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Reverend P. Babcock Chase

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  1. Howdy Fallon, If you're going to mix brass like that you have to expect these illicit pairings. I suggest that you throw a couple of shot shells in with the brass. That way you can be sure that they get to the alter. Rev. Chase Not approved to perform weddings in Connecticut
  2. Howdy Rooster, I'm a terrible note taker/keeper. The only thing that I have found that works for me is to record all the appropriate info on the target I've shot and keep it in a target file in my reloading area. Rev. Chase
  3. I believe that the original pair of chinks was made for Danny Devito's first role in a western. Rev. Chase
  4. Howdy H.K. it's very generous of you to risk a middle third result for this worthwhile experiment. Based on posts here over time, I'm pretty sure we know what the betting is. This is you chance to add to the SASS knowledge base. We await your results and now and forever must consider you a scientist. Rev. Chase
  5. Howdy Quiet, Google "John Wayne Knot". I takes some practice and I too have to relearn it from time to time. When I can, I leave it tied and slip over my head. Hey if it was good enough for the Duke that's all I need to know. Rev. Chase
  6. Wow, You guys are terrific. The above should get me started. Thanks. Rev. Chase
  7. Thanks Fellas, It's sounding like Titewad is what I'm looking for. That and a new MEC bushing or two. Rev. Chase
  8. Howdy Fellas, That's real helpful. I think it gets me close to where I need to be. Hey OLG, don't have any Unique, In fact, all I have is American Select (for .45 Colt & .38), dwindling Clays (Shotshell) and 4198 (45/70 & 30/30 plus others. Never used Unique, but I know that it's popular. Rev. Chase
  9. Howdy Fellers, Since we all are still having to make do with powders that we can find, I was wondering if any of our cowpokes are using Hodgdon's Titewad for their 12 ga. loads? Specifically in Rem.STS or Win. AA hulls? If you're willing to get really finite, what MEC powder bushing are you using for 7/8th loads? Rev. Chase
  10. Howdy Sarcasm, To be period correct, shotgun chaps would be proper I believe. I would choose the zipper versions (not really correct) If the zipper is hidden. The step in kind are a pain if you have to take your boots off to put them on. Batwings and big hats are from a later period. you'll see them in '30s and '40s westerns. They look cool and nobody will complain if you like that look. I have a set of chinks and that may be a good compromise. I don't wear them when it's hot. Rev. Chase
  11. Howdy Copper, It all depends on how hard you pull the trigger. Rev. Chase
  12. Howdy Snake, Just a thought. My main match hammer double is an old Rossi. I'm very happy with it now that I down load my 12 ga. shells. It's very light and it can really kick with even fairly light factory loads. My point (finally) is don't get carried away with getting a really light shotgun unless you plan on down loading your own shells. My back up hammer gun is Turkish Liberty two. It's much heavier and much more pleasant to shoot with factory loads. You may ask why it is not my main gun. Simply put the hammer springs have never been addressed (yet) so it's harder to cock, but otherwise it seems to be a well made gun. For what it's worth, Rev. Chase
  13. Howdy Slow, I hope this helps. First, there is a lot of misunderstanding about how double set triggers are supposed to work. They are a separate spring loaded system that trips the lock's sear to drop the hammer. Most double set triggers have two adjustment screws. One that is the most accessible (I think it's between the two triggers. Too lazy to go down and open the safe.) is for adjusting the engagement of the set trigger sear of the front trigger. This is often mistaken for a weight adjustment. It is not! I controls how much the rear trigger sear engages the front trigger. It can often be adjusted to the point where the there triggers won't "set" if turned in too much. Now look closely behind the rear trigger. There should be another screw there. It tensions the rear trigger spring. That spring powers the rear trigger to kick up and release the sear that drops the hammer. rotating this screw clockwise should reduce the tension on the rear trigger spring. You want the tension to just be enough to trip the sear in the lock when the front trigger is pressed. The tension on the rear trigger spring is often excessive on many guns from the factory. Once the tension on the rear trigger spring is set (reduced) to the lightest it can be and still reliably trip the hammer sear and drop the hammer, the front screw can be used to adjust the trigger sear engagement. Care should be taken to allow a light let off, but not truly "hair" trigger. Adjust to a crisp release, be be sure that some pressure is required. The above is my understanding of how these things work. I can't try your rifle and don't have direct experience with an IAB rifle so proceed at your own risk or seek a qualified gunsmith. I have no responsibility for you situation. This message will self destruct in 10 seconds. Rev. Chase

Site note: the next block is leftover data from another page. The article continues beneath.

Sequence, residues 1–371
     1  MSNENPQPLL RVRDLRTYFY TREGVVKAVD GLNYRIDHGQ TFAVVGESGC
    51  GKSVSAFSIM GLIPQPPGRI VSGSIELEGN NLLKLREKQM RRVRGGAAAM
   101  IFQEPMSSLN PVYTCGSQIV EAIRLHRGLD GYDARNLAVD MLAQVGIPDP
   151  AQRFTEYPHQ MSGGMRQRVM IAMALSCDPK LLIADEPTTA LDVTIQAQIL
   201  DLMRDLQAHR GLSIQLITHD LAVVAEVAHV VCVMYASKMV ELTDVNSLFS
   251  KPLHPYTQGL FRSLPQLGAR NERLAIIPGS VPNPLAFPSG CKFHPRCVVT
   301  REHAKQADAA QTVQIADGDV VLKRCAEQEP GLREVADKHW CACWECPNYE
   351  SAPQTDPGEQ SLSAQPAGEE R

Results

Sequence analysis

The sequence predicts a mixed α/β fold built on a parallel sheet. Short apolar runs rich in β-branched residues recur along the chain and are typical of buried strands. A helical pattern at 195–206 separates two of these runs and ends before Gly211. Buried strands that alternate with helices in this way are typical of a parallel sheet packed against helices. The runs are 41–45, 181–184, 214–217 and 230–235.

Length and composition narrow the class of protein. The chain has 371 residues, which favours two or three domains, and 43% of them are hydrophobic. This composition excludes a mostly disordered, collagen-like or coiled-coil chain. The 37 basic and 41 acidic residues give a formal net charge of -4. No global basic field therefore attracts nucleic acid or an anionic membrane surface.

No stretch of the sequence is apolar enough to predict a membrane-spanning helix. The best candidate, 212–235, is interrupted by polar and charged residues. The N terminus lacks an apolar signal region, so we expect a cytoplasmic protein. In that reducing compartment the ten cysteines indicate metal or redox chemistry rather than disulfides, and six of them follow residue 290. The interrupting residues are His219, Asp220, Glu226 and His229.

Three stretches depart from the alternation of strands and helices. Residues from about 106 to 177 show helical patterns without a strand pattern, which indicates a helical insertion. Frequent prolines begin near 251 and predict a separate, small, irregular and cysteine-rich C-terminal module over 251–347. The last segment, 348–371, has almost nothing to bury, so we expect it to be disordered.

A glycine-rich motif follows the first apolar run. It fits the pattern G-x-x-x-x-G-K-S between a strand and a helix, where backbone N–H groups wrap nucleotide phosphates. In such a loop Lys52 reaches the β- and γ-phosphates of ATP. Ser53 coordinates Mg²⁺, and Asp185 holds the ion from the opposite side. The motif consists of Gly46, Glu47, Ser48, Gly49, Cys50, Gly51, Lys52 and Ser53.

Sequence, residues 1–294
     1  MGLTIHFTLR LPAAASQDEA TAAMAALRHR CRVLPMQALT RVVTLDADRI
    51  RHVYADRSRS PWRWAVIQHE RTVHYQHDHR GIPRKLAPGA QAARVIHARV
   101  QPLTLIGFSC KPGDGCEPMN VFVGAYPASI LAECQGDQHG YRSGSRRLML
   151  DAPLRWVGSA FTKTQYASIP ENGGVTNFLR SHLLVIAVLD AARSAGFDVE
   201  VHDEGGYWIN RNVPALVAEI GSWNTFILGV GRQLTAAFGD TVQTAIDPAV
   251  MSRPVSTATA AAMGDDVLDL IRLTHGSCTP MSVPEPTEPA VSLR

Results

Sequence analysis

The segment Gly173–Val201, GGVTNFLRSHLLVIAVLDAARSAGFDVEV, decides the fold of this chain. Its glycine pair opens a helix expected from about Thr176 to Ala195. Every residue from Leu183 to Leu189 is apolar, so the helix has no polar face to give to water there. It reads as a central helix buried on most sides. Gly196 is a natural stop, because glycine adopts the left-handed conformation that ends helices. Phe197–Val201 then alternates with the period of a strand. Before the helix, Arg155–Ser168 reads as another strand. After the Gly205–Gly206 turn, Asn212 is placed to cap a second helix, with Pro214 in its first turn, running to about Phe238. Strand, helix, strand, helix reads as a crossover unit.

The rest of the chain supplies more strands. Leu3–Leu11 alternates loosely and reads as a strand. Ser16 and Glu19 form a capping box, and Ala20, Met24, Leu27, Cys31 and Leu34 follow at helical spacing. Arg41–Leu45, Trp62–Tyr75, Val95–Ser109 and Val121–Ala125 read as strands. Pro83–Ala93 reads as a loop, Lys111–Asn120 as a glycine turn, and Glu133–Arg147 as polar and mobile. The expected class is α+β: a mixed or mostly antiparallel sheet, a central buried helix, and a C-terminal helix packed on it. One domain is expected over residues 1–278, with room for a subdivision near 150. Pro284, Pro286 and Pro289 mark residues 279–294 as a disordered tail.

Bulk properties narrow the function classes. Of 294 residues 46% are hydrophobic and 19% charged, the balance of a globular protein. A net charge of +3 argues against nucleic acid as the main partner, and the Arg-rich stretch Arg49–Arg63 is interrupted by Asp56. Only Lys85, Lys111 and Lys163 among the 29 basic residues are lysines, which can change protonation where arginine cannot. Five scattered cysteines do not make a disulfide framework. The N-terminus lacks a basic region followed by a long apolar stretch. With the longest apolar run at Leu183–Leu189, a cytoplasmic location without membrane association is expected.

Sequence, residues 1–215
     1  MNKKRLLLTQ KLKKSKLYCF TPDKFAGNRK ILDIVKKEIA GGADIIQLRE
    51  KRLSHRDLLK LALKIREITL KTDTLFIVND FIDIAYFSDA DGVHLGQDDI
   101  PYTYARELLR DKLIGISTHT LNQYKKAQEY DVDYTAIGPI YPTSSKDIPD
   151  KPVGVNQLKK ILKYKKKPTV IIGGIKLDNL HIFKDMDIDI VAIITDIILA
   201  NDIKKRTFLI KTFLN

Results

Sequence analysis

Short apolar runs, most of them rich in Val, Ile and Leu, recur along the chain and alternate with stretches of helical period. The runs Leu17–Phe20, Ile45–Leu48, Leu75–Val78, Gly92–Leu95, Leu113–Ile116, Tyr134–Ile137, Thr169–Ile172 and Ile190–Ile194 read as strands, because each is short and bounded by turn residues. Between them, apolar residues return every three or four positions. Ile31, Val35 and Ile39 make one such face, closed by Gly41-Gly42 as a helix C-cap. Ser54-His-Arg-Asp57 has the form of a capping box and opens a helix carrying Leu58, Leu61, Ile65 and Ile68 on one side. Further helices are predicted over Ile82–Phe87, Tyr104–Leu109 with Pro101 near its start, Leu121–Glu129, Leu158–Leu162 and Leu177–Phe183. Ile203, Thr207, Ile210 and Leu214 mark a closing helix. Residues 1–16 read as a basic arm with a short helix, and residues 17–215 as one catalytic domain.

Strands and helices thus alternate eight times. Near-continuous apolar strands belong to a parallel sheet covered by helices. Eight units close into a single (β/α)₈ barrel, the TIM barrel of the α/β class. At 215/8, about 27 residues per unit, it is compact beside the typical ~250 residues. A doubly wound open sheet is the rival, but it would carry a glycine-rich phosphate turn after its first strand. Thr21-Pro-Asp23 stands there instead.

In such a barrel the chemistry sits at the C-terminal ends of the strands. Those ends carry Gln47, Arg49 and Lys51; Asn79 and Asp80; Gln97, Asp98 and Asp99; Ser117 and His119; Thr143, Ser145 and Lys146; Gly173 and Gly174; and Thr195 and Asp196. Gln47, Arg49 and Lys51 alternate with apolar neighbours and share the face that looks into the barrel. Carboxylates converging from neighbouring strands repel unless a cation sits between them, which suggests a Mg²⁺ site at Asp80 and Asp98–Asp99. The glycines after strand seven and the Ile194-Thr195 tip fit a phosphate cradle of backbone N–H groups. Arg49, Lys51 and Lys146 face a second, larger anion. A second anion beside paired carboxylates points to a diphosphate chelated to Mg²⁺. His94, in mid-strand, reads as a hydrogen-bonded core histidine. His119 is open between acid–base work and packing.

14. Howdy Quiet, I would recommend against brass plated steel tacks. I have not put tacks one any of my guns, but I have noticed where the brass plating has worn away on furniture and other decorative situations. If this were to happen ;you would be faced with the shame of steel tacks or would be forced to remove them and then fill the holes with real brass tacks anyway. If it were me, I'd hold off until I could fine a source for the real thing. Plus one for pre drilling the holes and gluing rather than hammering, especially with real brass tacks. That's just my opinion, but it's your rifle. Rev. Chase
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